The price of housing, both sale prices and rental rates, has become a particularly acute cost-of-living issue in many parts of the U.S. in recent years, including much of Montana, as pandemic-era migration into the state squeezes existing housing supplies. A poll conducted earlier this year found that more than three-quarters of Montanans consider “lack of affordable housing” a “very serious” or “extremely serious” problem.
Sen. Pat Flowers, D-Belgrade, said at Wednesday’s press conference that streets in parts of Bozeman are lined with cars and campers used as ad hoc housing by working residents who can’t find other places to live.
“Housing is, without a doubt, the No. 1 issue in Montana,” he said. “This is an immediate crisis.”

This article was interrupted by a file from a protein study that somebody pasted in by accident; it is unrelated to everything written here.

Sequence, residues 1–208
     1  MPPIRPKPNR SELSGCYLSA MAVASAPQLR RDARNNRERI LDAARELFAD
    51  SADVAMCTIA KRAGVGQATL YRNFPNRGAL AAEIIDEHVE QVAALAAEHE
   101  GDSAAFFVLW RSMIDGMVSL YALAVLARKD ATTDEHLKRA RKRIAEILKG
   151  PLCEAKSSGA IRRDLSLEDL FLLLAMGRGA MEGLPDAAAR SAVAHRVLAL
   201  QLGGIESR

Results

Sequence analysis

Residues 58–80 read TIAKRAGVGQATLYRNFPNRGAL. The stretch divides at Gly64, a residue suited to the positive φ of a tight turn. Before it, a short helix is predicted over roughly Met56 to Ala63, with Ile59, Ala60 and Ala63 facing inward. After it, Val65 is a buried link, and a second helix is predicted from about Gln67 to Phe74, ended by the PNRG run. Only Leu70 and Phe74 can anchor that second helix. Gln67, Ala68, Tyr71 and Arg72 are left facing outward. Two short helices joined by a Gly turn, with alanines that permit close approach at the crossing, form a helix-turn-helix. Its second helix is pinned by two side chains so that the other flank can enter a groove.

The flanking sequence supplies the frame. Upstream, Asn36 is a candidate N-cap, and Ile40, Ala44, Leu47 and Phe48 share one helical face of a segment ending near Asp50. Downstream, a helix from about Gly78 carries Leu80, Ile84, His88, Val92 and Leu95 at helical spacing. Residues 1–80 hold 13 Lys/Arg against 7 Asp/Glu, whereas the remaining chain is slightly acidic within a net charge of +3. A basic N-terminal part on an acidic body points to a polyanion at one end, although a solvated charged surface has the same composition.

The Democratic proposal would put $500 million toward workforce housing efforts, including a major funding increase for an existing state program that subsidizes apartment-style housing complexes where units are priced at rents affordable to residents with below-median incomes. The state Department of Commerce says the program’s current $15 million authorization is enough to support six projects.
Democrats also say they want to put some of that money into a program that would provide low-interest or no-interest loans to private developers and nonprofit organizations that build affordable homes for rent or purchase.
“There are a lot of factors that affect the skyrocketing price of real estate in Montana, but we also know that housing supply is one component, and probably the key component for prices,” Flowers said. “We have more people moving into Montana and that trend has exceeded our existing supply. And we’re simply not building fast enough to meet that demand.”